The Laboratory of Cellular Engineering (College of Pharmaceutical Sciences) reported on in vitro differentiation of fertile sperm in endangered endemic cyprinid honmoroko (Gnathopogon caerulescens) inhabiting Lake Biwa in Japan, which enables production of fertile sperm from non-spawning fish, and even from juveniles, in a short period of time.
Many endemic fish species are threatened with extinction due chiefly to human activities, suggesting the necessity of conservation strategies and restoration of endemic fish after extinction. In mammals, sperm cryopreservation is the main method of preserving male genetic material. In small endangered fish species, however, the number of mature fish is limited and only a small volume of sperm can be recovered in a short spawning period, which hinders the use of sperm for preservation purposes. The Laboratory demonstrated that fertile sperm can be generated from non-spawning males and even from juveniles of the endangered small cyprinid honmoroko (G. caerulescens). The entire process of spermatogenesis was recapitulated in vitro using cryopreserved spermatogonia of non-spawning adult and juvenile fish. Fertility was demonstrated by artificial insemination. The Laboratory also demonstrated that zebrafish eggs can be used to test fertility of the sperm of G. caerulescens. It takes only 1 month to produce sperm in vitro, whereas 6 months is required in nature. In addition, this in vitro differentiation of sperm would be useful for investigating the mechanism of spermatogenesis.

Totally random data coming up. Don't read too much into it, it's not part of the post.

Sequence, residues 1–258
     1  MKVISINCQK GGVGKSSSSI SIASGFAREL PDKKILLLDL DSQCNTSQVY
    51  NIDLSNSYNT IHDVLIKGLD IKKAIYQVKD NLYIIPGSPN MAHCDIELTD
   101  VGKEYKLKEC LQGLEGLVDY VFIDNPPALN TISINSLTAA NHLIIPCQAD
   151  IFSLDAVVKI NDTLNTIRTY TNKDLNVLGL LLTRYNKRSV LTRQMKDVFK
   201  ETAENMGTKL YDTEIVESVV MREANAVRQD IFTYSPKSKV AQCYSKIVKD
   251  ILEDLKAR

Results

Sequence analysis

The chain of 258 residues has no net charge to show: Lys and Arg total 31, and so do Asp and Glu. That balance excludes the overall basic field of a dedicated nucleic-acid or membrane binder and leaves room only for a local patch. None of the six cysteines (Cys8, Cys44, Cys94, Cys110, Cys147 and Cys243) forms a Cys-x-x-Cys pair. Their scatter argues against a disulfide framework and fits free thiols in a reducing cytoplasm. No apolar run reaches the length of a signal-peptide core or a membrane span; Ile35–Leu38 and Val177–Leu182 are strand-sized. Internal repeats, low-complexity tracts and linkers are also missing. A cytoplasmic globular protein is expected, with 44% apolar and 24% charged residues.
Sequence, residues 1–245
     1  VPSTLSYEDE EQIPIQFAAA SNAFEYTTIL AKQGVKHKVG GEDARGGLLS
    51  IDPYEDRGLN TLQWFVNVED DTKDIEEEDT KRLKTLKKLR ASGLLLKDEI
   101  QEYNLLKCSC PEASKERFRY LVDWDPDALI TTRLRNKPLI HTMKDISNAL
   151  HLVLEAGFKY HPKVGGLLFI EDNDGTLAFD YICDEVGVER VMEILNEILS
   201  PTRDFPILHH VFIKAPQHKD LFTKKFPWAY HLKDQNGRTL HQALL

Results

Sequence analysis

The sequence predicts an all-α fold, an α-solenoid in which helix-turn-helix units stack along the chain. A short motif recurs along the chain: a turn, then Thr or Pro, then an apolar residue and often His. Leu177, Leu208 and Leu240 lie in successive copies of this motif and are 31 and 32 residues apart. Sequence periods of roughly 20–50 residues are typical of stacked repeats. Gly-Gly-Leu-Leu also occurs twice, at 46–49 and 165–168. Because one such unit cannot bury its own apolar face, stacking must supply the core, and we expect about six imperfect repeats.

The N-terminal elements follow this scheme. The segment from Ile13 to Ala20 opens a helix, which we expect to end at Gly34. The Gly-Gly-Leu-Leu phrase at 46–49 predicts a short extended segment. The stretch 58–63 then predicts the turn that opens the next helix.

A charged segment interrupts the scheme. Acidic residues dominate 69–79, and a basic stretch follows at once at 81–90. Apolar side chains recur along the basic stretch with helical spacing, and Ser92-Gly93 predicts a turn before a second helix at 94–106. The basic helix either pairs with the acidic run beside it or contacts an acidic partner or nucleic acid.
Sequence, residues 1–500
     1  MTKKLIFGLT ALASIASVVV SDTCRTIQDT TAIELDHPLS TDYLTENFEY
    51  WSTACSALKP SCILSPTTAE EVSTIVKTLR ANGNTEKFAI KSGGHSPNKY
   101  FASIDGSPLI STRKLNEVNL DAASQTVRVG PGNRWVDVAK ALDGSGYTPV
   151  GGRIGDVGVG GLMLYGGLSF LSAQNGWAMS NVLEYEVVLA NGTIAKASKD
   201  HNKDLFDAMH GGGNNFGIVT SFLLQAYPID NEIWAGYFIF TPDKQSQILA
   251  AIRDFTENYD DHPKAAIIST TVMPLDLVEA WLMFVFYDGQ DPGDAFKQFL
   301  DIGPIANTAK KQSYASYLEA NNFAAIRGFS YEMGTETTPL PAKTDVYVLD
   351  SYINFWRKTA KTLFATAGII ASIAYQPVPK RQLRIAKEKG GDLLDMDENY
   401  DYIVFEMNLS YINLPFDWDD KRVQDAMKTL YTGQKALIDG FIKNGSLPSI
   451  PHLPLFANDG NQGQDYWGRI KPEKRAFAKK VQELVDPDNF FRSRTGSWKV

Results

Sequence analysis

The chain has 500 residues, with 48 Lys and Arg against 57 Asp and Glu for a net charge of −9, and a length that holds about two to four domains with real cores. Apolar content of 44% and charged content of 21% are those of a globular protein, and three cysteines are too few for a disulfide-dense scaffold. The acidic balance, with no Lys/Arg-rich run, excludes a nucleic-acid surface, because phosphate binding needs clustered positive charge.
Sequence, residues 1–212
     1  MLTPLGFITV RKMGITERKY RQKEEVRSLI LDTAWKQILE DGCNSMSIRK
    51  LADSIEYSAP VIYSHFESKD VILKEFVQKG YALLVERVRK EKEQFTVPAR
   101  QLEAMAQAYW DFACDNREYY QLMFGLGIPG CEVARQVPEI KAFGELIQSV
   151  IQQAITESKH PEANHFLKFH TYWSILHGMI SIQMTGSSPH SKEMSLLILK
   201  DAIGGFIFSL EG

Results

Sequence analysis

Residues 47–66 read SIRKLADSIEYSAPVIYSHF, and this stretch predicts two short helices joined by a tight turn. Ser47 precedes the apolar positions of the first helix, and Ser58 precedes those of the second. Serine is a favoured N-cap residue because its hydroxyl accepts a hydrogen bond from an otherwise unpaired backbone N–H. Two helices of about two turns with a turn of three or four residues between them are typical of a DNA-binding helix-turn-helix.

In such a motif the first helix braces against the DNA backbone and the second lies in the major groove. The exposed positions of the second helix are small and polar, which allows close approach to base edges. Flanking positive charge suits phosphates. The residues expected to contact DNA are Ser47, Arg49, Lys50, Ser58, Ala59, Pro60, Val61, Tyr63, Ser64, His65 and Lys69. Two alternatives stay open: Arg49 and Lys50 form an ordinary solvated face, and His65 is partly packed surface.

These results suggest that the combination of cryopreservation of spermatogonia and in vitro sperm differentiation will provide a new and promising strategy for the preservation of paternal genetic materials in endangered endemic fish.